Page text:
Why is the document lifecycle so important that we should analyze it? Why not just create the documents you need to create and get on with it? The short answer is that the more you understand your document lifecycle, the better you can manage the process in terms of document quality, consistency, and ease of use.

Let’s take a closer look at the steps and see why each step is important to examine.

1. Creation

Obviously, all documents need to be created. But have you ever thought about the complexity behind document creation? For example:

  • Do I create a document from scratch? If so, what software program do I use?
  • Do I use a template? Do I need to create template documents for others to use?
  • Are there specific requirements for a document such as a legal disclaimer or a specific structure?

Even more complex, you might need to title documents in a certain way, tag them with “metadata” (such as identifying the author, date created, city department, etc.) to make them easier to find, and make sure the document is accessible for people with disabilities. In other words, there can be a lot more to document creation than first meets the eye.

2. Storage

After you create the document, where does it go? Usually, this point of a document lifecycle is a mess at many cities. Documents may get stored on individual computers, flash drives, or unorganized shared folders on a server. Some questions to think through include:

  • How are the documents organized? Are they organized in a way that’s easy for all authorized people to find them?
  • Where are they stored? On a server? The cloud?
  • How much storage space do you have? Is it enough?
  • Who manages the documents? Who has administrative access and authority to make changes to the organizational structure?

3. Access

Accessing a document involves both ease of retrieval and authorization. In some cases, it may also mean how to access the files in order to transfer or share them somewhere else. This part of the document lifecycle is extremely important. Ask yourself:

  • Who is authorized to access specific documents?
  • How easy is it to find and retrieve documents?
  • Do people have the right software in order to view documents?
  • Are there appropriate restrictions on downloading, transferring, and/or sharing documents from the document management system to another location (like to another server, a flash drive, or someone’s individual computer)?

4. Editing, Review, and Approval

Before becoming finalized, documents need to be edited, reviewed, and approved by people who are often not the author. Instead of chaotically sending documents back and forth through email, many document management systems offer some ways to improve the quality of this step in the process.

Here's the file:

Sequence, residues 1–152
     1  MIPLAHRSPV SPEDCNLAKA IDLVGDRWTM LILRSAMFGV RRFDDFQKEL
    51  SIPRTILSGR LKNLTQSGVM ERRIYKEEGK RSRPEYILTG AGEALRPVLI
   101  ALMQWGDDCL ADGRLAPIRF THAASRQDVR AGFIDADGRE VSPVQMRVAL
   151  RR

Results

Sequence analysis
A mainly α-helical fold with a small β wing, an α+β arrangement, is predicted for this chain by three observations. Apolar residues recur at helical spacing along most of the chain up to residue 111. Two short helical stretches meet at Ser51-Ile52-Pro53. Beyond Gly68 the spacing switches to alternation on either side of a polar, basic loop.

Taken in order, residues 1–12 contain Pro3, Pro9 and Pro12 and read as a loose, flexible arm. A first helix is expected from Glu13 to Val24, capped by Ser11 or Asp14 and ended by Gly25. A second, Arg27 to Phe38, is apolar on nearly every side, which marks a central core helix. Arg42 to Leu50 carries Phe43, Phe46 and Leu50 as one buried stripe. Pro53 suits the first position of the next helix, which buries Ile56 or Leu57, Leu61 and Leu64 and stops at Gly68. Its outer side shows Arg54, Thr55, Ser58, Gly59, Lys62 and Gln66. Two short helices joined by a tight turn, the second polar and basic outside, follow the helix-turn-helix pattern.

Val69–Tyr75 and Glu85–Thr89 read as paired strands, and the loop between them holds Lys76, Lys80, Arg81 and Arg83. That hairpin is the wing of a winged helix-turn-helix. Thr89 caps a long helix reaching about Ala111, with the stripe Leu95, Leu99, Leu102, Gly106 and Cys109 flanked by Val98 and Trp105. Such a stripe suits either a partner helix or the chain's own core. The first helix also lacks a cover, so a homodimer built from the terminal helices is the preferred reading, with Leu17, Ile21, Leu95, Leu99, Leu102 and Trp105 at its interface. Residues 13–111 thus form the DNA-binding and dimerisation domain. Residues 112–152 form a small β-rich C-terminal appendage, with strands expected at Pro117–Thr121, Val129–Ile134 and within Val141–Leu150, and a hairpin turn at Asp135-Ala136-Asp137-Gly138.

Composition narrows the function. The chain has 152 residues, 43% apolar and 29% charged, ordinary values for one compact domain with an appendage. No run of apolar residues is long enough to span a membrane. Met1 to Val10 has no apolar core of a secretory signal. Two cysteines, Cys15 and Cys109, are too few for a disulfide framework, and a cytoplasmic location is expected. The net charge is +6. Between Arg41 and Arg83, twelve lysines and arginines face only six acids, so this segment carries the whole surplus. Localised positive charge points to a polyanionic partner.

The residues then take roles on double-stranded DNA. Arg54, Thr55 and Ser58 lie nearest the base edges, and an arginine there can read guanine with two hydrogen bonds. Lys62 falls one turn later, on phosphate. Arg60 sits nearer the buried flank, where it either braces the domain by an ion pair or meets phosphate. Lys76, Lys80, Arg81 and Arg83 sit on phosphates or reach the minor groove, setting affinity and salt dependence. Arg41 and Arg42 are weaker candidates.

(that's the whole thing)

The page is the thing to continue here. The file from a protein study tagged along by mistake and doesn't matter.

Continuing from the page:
• When someone is editing, it may lock out the document so that no one else can edit it.
  • When people collaborate to edit, you might be able to see everyone’s individual edits taking place in real time.
  • When a document gets to the next step in a predefined process, it notifies the editor, reviewer, or approver and gets handed off automatically to that person (or persons).

These are steps you will need to set up in your document management system that align with your policies and procedures, and you can work with your IT staff or vendor to activate these kinds of features.

5. Retention and Disposal

This step of the process is an important legal step for cities. Depending on your city’s records retention policies that follow state law and local ordinances, you may have different policies for different documents. These can be set up by municipal-experienced IT professionals who are trained in following records retention law.

Basically, you’ll apply many of the same tips above to an archiving strategy that makes sure that:

  • Documents are archived in a place where they are easy to find, search, and retrieve.
  • Documents are automatically set up to be staged, reviewed, and purged at specific times.
  • Documents will be backed up onsite and offsite to ensure recovery in case of a disaster.

As you can see, the steps above are obvious but the thought behind each step isn’t. We accounted for a lot of complexity in certain steps that may not apply to your city. That’s okay. You may not require meticulous “metadata” or need multiple people collaborating on documents. However, you should give each step some serious thought depending on your particular needs. This will make sure you both comply with the law and also just make your overall document lifecycle process easier for everyone involved.

Questions about your document lifecycle? Reach out to us today.